A Call for Continuing to Call Out Racism
The importance of graduate students playing a positive role towards improving the racial atmosphere of their school cannot be overstated, said Dr. Lori Patton Davis. But it’s more important for them to keep their eyes on the academic ultimate prize.
“I love the passion of students who work towards making change, but the big difference is for you to graduate so you can go out and continue that effort where you work,” said Patton Davis during her talk, “Masks, Mattering, Magic and Movements: Exploring the Challenges and Opportunities to Support Minoritized Students in Higher Education,” at the MGH Institute’s E. Lorraine Baugh Visiting Faculty Lecture Series on March 26. “Getting your degree is resistance.”
Patton Davis, chair of the Department of Education Studies at The Ohio State University, was the keynote speaker at the MGH Institute’s inaugural Social Justice Research Conference. Sponsored by the Office of Justice, Equity, Diversity, and Inclusion, the conference also featured more than two dozen faculty and students who afterward presented their research to engage in critical conversations about the school’s collective commitment to justice, equity, diversity, and inclusion research. (See program for more information and complete list of presentations.)
Patton Davis is best known for her important cross-cutting scholarship on African Americans in higher education, critical race theory, campus diversity initiatives, girls and women of color in educational and social contexts, and college student development and graduate preparation.
She spoke of her own struggles, noting that she never was given the chance to participate in a major grant as a graduate student, and that she received scant support early in her teaching career from colleagues and university administrators as she pursued researching issues related to students of color—barriers she eventually overcame. “It’s not unique to scholars of color, these racial injustices and inequities,” she said.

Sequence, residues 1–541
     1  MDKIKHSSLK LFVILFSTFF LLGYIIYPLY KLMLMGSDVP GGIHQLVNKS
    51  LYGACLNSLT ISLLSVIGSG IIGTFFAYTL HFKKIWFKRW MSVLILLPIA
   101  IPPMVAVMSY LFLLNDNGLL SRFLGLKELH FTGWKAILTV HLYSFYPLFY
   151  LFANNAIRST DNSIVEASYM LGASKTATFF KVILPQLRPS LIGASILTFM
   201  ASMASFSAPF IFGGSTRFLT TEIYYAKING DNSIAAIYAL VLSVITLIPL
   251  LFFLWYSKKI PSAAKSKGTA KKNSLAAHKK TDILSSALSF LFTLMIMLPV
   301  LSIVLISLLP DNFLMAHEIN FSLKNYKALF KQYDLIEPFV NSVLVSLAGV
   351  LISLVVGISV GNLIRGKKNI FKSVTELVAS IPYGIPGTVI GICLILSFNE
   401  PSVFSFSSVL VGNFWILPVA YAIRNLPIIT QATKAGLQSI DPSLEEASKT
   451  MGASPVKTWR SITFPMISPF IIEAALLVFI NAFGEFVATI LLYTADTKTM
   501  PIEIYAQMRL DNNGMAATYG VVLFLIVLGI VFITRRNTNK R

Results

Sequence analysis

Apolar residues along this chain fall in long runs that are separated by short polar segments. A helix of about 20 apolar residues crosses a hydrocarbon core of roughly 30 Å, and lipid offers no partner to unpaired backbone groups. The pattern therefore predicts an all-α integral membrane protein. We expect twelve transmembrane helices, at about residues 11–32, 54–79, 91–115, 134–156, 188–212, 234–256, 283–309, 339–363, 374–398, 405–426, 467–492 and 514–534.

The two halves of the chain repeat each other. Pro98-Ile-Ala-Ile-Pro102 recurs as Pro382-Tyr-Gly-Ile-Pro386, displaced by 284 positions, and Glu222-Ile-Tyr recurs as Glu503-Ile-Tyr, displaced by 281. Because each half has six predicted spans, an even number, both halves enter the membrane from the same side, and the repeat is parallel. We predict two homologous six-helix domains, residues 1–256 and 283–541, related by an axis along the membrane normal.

Addressing an audience comprised mostly of health care students and professionals, she spoke of the importance of recognizing the individuality of patients. “It’s not good enough for health care workers to treat every patient the same, as it doesn’t take into account the myriad experiences Black, Indigenous, and people of color have had,” she said.
A theme she returned to several times was equity mindedness, comprised of four elements that are needed to create an improved racial climate: calling attention to patterns of inequality and subsequent outcomes; taking personal responsibility for disrupting those patterns and outcomes; assessing one’s own practices; and being conscious and aware of social and historical practices. On a college campus, she said, that included such things as listening to students and believing them, hiring more diverse faculty and staff, and incorporating culturally relevant pedagogy in the curriculum—all things the IHP has worked on improving in recent years.
“Many people in higher ed think that things will magically occur and get better,” Patton Davis said, “but often it’s people of color who are doing all the work and not getting credit for it. Everyone has to do their share and not just the chief diversity officer.”
“You can’t do much if you don’t know what racism is, not just overt things but things like microaggressions,” she added later. “There’s nothing fun about challenging racism. It has to be hard work to do this because anything less means things can’t change.”
The lecture series honors E. Lorraine Baugh, a long-serving trustee and first chair of the Institute’s Board of Trustees who is now an Honorary Trustee. Established in 2012, the visiting faculty speaker series has an emphasis on diversity and inclusion in the health professions. This program is made possible by the support of MGH Institute Honorary Trustee Carol M. Taylor and her husband, John H. Deknatel. The couple established the fund because, as Taylor said, “modeling success and helping set goals with regard to diversity is important for students, and a faculty role model can be quite powerful.”